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# HackDalton: CoolCPU 1

Warning! There are spoilers ahead

The two sample programs on the CoolCPU website help you understand the basics of how writing code works, so you should go through those two first.

So, from the description, we know that there's a string of characters at `0x93` that we want to print out. And, we know it's null-terminated (that is, it ends in a `0x00` bytes).

The basic idea for writing code to print the flag is to, starting at `0x93`, read each byte and print it out, until we hit that `0x00`. The instructions to do that might look something like this:

``````	CON 0x93				; 22 93
loop: 			; this will be at position 0x02
LDB [A]					; 05
SWB						; 40
JZ end					; 31 0C
SWB						; 40
STB 0xF1				; 12 F1
INC						; 20
JP loop					; 30 02
end:			; this will be at position 0x0C
HCF						; FF
``````

The comments on the right show you the hexadecimal representations of each instruction.

Let's go through this step by step: first, the `CON 0x93` sets A to `0x93`, which is where we start our loop. We're using A to keep track of the current memory address.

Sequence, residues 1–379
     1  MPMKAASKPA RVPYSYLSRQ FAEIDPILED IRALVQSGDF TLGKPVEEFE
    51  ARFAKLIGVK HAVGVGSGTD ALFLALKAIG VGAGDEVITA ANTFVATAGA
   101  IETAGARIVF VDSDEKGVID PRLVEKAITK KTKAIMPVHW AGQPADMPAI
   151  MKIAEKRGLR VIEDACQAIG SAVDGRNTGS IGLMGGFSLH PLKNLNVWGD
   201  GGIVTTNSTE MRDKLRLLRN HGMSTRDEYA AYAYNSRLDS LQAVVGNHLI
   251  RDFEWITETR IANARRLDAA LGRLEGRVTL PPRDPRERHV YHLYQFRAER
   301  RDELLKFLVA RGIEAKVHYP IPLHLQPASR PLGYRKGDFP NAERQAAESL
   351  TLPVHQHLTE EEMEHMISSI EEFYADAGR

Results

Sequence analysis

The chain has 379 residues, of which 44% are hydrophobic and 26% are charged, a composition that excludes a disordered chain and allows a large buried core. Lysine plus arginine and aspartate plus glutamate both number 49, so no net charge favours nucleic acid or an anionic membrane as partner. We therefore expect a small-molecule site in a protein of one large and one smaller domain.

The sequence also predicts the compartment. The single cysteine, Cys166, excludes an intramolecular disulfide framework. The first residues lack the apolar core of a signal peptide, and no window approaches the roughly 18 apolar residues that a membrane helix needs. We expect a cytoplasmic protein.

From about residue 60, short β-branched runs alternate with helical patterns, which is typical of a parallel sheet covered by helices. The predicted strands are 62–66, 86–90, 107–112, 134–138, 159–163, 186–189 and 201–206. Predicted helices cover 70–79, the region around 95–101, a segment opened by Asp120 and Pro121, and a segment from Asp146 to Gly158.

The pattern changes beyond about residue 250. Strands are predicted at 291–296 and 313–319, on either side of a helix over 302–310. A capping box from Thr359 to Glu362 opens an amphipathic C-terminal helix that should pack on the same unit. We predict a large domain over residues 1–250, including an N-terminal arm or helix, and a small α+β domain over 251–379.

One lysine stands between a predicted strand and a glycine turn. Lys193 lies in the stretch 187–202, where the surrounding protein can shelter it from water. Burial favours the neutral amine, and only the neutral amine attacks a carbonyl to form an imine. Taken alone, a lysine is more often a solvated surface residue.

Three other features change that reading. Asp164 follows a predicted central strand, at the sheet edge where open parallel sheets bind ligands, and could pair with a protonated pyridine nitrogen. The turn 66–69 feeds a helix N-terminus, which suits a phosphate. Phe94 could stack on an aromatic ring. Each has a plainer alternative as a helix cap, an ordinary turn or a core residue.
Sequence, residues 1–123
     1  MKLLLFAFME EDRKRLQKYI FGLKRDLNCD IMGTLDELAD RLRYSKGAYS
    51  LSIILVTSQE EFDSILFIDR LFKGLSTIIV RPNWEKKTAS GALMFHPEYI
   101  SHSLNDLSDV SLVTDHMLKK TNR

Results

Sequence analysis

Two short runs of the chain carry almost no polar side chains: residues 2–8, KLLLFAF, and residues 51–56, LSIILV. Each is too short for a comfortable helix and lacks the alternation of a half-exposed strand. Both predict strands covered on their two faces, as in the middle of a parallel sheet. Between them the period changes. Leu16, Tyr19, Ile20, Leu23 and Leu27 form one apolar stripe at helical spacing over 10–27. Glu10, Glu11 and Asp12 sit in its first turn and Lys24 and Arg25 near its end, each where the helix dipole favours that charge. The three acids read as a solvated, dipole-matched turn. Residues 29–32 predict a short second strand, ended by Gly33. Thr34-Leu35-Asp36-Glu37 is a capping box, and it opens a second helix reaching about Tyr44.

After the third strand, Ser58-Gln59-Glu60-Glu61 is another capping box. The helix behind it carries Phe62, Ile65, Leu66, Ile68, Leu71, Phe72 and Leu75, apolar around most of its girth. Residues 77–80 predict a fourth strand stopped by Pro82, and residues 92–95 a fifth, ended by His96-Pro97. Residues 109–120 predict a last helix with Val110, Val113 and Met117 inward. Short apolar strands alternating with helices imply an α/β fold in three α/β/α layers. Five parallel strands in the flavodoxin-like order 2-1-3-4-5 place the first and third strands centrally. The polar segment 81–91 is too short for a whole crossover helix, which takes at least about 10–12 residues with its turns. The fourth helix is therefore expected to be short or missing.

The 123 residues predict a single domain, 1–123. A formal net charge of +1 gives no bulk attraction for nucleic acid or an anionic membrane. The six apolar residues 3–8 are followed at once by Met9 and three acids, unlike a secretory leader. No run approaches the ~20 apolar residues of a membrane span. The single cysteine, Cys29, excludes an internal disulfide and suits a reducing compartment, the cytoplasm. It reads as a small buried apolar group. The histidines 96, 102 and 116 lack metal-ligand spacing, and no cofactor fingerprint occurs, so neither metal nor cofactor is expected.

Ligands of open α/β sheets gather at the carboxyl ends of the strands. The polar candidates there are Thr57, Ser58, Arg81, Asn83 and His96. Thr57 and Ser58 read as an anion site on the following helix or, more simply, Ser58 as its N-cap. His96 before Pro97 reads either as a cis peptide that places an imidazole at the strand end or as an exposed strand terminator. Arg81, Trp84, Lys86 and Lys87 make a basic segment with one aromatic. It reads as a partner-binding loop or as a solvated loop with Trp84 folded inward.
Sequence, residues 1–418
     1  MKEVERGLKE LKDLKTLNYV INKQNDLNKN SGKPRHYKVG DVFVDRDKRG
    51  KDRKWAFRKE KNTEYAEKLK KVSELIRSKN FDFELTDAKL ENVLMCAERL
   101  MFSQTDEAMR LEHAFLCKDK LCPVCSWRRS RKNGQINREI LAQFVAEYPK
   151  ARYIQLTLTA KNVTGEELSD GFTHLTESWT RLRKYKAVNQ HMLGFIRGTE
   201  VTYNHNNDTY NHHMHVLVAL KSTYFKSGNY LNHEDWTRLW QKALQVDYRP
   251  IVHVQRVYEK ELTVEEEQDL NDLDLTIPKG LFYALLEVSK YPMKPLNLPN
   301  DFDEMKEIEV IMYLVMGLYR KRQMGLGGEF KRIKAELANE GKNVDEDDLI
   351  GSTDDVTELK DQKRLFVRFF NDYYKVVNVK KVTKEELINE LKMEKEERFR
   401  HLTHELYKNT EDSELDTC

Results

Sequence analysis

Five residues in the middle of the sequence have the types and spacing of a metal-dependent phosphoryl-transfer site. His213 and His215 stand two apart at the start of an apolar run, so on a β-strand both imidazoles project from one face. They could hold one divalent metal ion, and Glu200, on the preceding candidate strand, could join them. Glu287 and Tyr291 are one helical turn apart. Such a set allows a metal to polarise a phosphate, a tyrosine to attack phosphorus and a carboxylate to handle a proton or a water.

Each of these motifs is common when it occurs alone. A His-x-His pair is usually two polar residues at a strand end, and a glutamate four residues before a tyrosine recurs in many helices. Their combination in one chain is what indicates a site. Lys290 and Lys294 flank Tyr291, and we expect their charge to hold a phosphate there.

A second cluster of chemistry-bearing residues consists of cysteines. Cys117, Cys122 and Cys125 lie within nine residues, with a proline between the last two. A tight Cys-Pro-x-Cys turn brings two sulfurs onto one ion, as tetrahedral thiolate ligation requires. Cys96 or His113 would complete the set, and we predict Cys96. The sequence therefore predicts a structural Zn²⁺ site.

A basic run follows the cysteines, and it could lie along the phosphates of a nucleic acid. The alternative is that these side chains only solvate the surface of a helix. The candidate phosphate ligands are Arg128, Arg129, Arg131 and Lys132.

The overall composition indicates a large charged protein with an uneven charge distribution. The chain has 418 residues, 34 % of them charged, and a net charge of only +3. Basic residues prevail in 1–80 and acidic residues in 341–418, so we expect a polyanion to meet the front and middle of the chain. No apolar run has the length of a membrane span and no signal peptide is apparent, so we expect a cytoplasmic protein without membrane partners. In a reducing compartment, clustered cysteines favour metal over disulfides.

Then, we start our actual loop. We use `LDB [A]` to read the value at A (the next character of our flag) and store it in register B.

Next up, we need to check if the byte we read was the `0x00` that signals the end. Unfortunately, we're only able to make comparisons with register A. So, we do `SWB` to swap registers A and B, `JZ` to check if it's zero, and then another `SWB` to bring things back to normal.

If it was zero, the `JZ` would jump to the `HCF` instruction that ends the program, and we're done. If it wasn't, then the `STB 0xF1` writes the character to the output. Then the `INC` adds 1 to register A, and the `JP loop` goes back to the start of the loop so we can print the next character.

Combining the hexadecimal representations of each instruction, we get `22 93 05 40 31 0C 40 12 F1 20 30 02 FF`. Running this code in the simulator, we get our flag!